Several pieces of serious research have shown Scottish farmers and the rural economy would be hit hard by a no-deal Brexit. The UK Government must do everything in its power to avoid this catastrophe, says Richard Lyle, MSP for Uddingston and Bellshill.
I can’t believe the summer has gone so quickly since the first time I wrote to you in April this year with my introductory article for the Farmers Guardian on the developments on Brexit here in Scotland and indeed across the United Kingdom.
They say a week’s a long time in politics; four months must be a lifetime in terms of the Brexit process!
We’ve seen political departures in the UK Government in the form of the former Brexit Secretary Rt Hon David Davis MP and we have seen Ministers become Cabinet Secretaries here in Scotland with our excellent Brexit Minister, Michael Russell MSP becoming the new Cabinet Secretary for Government Business and Constitutional Relations.
Michael has already shown exceptional leadership, including working with the First Minister on ‘Scotland’s Place in Europe’, our paper offering a much-needed show of planning in face of the realities of Brexit.
Michael will continue to be an exceptional Cabinet Secretary in Government delivering for Scotland and its place in Europe.
Most worrying has been the direction of travel which concerns farmers – indeed here in Lanarkshire we could see farmers’ incomes cut in half after Brexit, according to a report by the Agriculture and Horticulture Development Board published late last year.
I highlight this report as we move ever closer to Brexit Day. Particularly, as the threat of a no-deal Brexit becomes ever more possible.
The report was concerning as it warned a no-deal Brexit, increasingly threatened by Theresa May, is one of a number of threats to farm incomes – alongside possible changes to tariffs and subsidies.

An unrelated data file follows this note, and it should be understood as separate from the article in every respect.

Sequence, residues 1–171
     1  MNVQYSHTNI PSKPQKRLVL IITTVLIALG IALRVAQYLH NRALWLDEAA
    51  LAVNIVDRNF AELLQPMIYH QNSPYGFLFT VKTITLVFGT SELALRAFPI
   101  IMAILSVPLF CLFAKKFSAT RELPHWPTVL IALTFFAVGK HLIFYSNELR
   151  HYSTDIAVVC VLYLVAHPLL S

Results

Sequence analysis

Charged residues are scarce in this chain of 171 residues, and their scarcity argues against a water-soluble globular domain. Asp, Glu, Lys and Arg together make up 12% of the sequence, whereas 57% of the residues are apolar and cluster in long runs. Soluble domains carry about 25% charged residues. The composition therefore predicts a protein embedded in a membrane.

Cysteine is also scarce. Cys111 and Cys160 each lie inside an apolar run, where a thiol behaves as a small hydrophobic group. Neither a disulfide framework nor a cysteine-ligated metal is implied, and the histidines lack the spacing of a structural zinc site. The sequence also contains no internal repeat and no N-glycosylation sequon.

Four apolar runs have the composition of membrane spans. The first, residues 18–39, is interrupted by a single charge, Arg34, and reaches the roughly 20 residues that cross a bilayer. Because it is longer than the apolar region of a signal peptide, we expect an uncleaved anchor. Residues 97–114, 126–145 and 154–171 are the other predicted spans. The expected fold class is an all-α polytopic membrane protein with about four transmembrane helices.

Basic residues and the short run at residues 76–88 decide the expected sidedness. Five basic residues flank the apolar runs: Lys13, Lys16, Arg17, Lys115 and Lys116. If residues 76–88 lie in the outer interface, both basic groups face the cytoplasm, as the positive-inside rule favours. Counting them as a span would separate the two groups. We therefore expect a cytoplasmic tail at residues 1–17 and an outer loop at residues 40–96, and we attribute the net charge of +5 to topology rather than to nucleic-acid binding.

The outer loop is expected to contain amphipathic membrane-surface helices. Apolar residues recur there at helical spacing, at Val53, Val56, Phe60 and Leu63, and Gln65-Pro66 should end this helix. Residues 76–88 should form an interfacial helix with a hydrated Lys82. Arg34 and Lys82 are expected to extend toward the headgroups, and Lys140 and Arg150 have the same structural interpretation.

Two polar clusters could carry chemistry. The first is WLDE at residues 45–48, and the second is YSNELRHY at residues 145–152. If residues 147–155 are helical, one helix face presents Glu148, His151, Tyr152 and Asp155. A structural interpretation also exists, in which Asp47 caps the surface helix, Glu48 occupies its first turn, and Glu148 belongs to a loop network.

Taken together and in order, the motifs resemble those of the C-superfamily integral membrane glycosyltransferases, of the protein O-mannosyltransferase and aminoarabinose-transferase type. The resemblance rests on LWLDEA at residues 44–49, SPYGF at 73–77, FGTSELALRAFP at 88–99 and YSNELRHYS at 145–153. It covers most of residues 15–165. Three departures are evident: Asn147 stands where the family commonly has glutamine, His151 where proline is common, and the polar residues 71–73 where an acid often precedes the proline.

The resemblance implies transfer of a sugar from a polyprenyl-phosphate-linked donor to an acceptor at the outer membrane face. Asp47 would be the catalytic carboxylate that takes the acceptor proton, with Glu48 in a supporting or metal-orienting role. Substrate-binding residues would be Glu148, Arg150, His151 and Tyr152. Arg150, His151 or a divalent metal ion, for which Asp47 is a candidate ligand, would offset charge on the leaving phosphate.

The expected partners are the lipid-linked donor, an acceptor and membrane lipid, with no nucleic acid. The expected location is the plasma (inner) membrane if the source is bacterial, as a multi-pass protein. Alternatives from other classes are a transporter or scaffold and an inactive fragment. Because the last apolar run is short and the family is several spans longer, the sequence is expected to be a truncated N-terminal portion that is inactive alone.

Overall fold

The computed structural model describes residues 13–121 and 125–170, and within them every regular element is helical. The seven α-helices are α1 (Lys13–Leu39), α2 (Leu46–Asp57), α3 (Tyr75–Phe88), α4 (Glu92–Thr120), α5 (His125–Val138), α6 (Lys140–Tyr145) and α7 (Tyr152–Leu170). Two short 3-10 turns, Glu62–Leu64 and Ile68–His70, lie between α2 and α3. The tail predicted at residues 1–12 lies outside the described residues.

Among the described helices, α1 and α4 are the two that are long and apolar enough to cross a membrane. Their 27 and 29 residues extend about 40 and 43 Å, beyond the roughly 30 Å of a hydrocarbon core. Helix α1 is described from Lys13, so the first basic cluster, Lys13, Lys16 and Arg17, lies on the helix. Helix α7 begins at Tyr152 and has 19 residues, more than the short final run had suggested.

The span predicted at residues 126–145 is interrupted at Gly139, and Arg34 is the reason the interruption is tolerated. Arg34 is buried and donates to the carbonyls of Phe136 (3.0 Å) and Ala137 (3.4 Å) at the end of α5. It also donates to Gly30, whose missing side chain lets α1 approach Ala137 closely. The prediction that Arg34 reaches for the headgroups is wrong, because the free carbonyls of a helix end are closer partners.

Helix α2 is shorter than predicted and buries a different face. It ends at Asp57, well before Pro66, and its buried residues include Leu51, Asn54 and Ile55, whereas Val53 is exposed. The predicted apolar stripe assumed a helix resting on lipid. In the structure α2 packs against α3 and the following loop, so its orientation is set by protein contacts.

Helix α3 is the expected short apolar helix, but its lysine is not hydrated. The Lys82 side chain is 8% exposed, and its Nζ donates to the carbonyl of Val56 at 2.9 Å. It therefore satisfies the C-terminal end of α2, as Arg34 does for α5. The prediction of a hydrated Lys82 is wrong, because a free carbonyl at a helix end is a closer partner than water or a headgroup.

The report finds the ‘worst-case scenario’ would see average farm profits across the UK fall from £38,000 a year to just £15,000.
It shows just how bad a Tory Brexit could get for rural Scotland and beyond.
Of course; recently we have seen yet another saga with agri-foods threatened by Brexit, including the threat of leaving produce rotting in the fields according to research published by Andersons Midlands, who said without access to seasonal labourers from Europe, the consequence on the industry could be a ‘catastrophe’.
And the Scottish Government publication last year entitled ‘Brexit: What’s at stake for businesses’ indicated exactly this with real-life examples from farms in Angus and Perthshire.
A further report by Scotland’s Rural College earlier this year indicated that in every scenario of the three potential post-Brexit trade scenarios on four farm types – beef, sheep, dairy and crops – Scottish farmers would be worse off compared to current arrangements.
It is irresponsible for the UK Conservative Government to continue to push their agenda which is leading closer and closer to no deal because they have little to no solid plan on a hard Brexit.
It is time the UK Government got serious on working better, not only with the European Union, but indeed re-engaging with the devolved nations in our ‘equal Union’.
So as I come to a close on my latest update on the concerns for Scotland around Brexit; it is clear there is no shortage of serious concern about the impact that Brexit and a no-deal Brexit could have on Scotland and the UK.
Scotland did not vote to leave the European Union; and yet we are faced with being dragged out against our will – in the worst possible way – by a Tory Government on the brink of self-destruction.
I look forward to writing for Farmers Guardian again soon and I thank you once again for the invitation to share an update on the current state of Brexit.